A Web service can be used internally by a single application or exposed externally over the Internet for use by a number of applications. Because it is accessible through a standard interface, a Web service allows heterogeneous systems to work together as a single web of computation.
Web services use XML-based messaging as a fundamental means of data communication to help bridge differences between systems that use incongruent component models, operating systems, and programming languages. You can create applications that weave together Web services from a variety of sources in much the same way that you traditionally use components when creating a distributed application.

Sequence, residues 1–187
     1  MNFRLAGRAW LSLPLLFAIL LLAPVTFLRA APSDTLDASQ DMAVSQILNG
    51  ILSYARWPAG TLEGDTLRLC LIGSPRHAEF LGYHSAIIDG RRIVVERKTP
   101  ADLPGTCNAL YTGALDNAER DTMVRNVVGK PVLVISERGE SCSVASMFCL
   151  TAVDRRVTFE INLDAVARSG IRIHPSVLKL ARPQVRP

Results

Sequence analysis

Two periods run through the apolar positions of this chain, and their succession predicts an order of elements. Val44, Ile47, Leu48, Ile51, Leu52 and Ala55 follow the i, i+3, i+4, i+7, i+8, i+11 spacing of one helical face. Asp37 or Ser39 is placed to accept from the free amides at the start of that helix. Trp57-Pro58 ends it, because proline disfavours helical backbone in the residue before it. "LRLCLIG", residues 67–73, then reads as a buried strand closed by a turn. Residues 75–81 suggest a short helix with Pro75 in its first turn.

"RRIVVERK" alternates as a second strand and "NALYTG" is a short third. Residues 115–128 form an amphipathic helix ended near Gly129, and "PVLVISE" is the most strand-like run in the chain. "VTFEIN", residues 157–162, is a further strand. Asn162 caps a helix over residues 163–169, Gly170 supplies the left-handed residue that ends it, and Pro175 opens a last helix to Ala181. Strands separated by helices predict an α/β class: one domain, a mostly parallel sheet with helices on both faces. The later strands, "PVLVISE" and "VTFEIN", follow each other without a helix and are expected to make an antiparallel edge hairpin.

In the .NET Framework, Web service support is provided by the common language runtime. Many client and server Microsoft applications also either consume or provide Web service interfaces. For example, Microsoft InfoPath 2003 provides a rich-client interface that can use Web services to interoperate with BizTalk Server. BizTalk Server itself is able both to consume existing Web services and to expose business processes as new Web services.
The basic Web service specification does not resolve many architectural problems such as how to route messages, ensure reliable delivery, or coordinate distributed work using compensating transactions. To address these issues, a collection of Web service architecture protocols have been written by Microsoft, IBM, and others that provide additional functionality. Web Services Enhancements (WSE) is one implementation of (or a subset of) these protocols.